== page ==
Friday, November 04, 2005

Those Who Cannot Remember the Past Are Condemned To Watch Repeats of It

Whatever happened to repeats?

Yeah, I know. Networks repeat shows all the time, but they make them sound so much more important.

Of course, networks have always shown encore presentations. And for a while they really meant it. Networks prudently presented encores, keeping in mind that they are "a demand for repetition made by an audience" (Merriam-Webster Online Dictionary). Pax showed encores of ''Miracle Pets'' in January 2001, but I have a hard time believing that 800,000 households demanded Pax show those eps a second time.

And then there is always the infamous network premiere. Definitely truth in advertising, but still misleading enough to make you pause. It's the first time that network is showing the episode despite the fact that you've already seen it 1000 times on some other crappy channel.

At least HBO and Showtime are completely honest about the whole thing. They don't show repeats or encores. They have multiplay, which lets them focus on cumulative ratings rather than the ratings for a single airing. HBO showed the first three eps of ''Rome'' seven days a week on at least one of their many channels. Showtime presented ''Weeds'' and ''Barberhop'' on alternating nights during the week. Multiplay is the perfect description. They're showing it multiple times whether or not you asked for it.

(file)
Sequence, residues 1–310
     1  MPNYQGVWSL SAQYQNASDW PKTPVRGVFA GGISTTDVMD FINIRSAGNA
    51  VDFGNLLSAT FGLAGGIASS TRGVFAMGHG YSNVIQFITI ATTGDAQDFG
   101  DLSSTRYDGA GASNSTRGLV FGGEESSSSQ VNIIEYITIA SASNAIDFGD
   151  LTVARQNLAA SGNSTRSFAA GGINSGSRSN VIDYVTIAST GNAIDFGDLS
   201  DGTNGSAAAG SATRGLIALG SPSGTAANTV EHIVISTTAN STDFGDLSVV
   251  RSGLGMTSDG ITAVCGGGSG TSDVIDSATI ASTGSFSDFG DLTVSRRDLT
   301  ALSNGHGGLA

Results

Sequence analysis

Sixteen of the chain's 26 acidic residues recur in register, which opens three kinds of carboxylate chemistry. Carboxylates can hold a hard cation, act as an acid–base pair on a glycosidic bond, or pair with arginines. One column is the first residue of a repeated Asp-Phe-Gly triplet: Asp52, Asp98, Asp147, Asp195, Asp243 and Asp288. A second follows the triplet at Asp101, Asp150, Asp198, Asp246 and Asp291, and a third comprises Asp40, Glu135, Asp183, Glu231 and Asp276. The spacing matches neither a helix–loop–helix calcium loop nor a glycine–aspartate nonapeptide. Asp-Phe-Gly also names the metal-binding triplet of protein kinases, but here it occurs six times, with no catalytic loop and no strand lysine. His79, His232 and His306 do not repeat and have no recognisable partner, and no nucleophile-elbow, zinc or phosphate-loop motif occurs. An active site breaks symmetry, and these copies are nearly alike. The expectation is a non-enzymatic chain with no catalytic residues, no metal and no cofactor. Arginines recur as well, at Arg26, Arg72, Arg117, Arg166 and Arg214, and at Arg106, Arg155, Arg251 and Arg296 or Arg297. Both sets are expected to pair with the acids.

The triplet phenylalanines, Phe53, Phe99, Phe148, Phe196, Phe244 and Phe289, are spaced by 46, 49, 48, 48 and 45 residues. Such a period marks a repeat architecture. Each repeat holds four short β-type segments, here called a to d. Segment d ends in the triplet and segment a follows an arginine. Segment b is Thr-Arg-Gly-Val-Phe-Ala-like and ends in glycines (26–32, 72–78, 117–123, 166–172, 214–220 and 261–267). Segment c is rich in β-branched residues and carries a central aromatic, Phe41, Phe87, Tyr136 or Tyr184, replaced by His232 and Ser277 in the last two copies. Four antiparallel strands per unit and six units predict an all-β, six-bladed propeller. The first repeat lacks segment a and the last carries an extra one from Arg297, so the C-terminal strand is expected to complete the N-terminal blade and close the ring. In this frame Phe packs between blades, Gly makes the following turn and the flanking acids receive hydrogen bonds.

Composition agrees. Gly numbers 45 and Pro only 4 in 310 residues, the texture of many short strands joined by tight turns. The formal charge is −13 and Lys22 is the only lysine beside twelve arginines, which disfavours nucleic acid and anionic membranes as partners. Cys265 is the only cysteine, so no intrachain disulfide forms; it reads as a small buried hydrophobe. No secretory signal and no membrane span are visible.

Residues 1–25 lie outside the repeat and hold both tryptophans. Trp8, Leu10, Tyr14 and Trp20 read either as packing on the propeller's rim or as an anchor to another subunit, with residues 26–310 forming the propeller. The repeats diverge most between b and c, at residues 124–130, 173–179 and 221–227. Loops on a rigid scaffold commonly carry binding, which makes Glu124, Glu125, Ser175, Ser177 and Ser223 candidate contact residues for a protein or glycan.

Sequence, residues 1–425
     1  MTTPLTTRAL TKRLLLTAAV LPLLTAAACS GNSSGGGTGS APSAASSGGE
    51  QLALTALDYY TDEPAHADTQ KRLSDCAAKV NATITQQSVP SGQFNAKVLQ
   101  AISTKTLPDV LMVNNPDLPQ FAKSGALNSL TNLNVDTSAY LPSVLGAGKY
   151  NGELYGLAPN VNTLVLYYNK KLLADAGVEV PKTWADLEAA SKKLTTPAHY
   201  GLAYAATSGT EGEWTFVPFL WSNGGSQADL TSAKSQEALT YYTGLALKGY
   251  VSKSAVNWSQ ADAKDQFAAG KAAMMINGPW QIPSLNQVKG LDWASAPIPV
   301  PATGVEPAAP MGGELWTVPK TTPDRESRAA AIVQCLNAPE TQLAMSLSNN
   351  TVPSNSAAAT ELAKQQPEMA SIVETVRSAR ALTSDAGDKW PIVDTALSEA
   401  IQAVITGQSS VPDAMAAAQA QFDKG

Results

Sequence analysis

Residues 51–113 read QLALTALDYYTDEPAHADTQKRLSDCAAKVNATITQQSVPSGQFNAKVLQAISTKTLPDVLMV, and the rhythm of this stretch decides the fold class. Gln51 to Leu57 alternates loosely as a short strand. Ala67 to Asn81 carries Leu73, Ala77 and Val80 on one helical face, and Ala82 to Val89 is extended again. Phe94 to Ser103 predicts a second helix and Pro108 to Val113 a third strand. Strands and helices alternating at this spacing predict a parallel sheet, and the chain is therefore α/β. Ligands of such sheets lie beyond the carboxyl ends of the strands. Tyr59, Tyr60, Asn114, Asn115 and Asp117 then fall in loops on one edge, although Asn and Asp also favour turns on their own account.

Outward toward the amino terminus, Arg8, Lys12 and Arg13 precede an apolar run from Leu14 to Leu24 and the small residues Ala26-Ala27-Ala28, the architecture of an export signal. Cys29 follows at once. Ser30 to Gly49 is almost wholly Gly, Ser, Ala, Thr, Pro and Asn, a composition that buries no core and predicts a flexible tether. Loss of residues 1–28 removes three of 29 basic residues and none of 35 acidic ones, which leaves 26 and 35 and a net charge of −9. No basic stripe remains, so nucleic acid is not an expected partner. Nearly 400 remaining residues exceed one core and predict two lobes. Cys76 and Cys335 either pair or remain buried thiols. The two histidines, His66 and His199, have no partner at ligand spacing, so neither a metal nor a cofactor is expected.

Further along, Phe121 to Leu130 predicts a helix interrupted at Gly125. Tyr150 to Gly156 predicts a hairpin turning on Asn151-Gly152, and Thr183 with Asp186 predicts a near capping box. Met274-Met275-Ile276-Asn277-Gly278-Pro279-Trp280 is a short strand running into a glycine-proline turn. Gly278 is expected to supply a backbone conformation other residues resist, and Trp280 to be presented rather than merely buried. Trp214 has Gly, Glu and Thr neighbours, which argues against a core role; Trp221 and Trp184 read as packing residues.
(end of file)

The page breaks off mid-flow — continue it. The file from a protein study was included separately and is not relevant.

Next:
I think the WB has the most clever names for their repeats.
  • You can watch Easy View on Sundays just before primetime. Many local WB affils repeat shows, often from the past week, from 5-7PM. (The WB was so proud of this idea that they filed for trademark protection.)
  • Right after Easy View, you can watch WB's Beginnings. ''7th Heaven.'' ''Gilmore Girls.'' ''Smallville.'' And now ''Reba.'' Need to fill an hour on your Sunday primetime schedule? Just show repeats of really old eps and tell critics that you're expanding your core audience. They're still repeats.

But that's not all. Who could forget the summer of 1997, when NBC used the phrase "it's new to you!" as a way to get you to watch repeats. What about CBS hiding repeats of their crime dramas under the umbrella, Crimetime Saturday?

I'm surprised nobody uses second chance or extended view. And I'm just waiting for the day when some trendy cable channel decides to show unfresh episodes or a used ep.

Of course these phrases will all be meaningless in a few years when everything will be available on demand.

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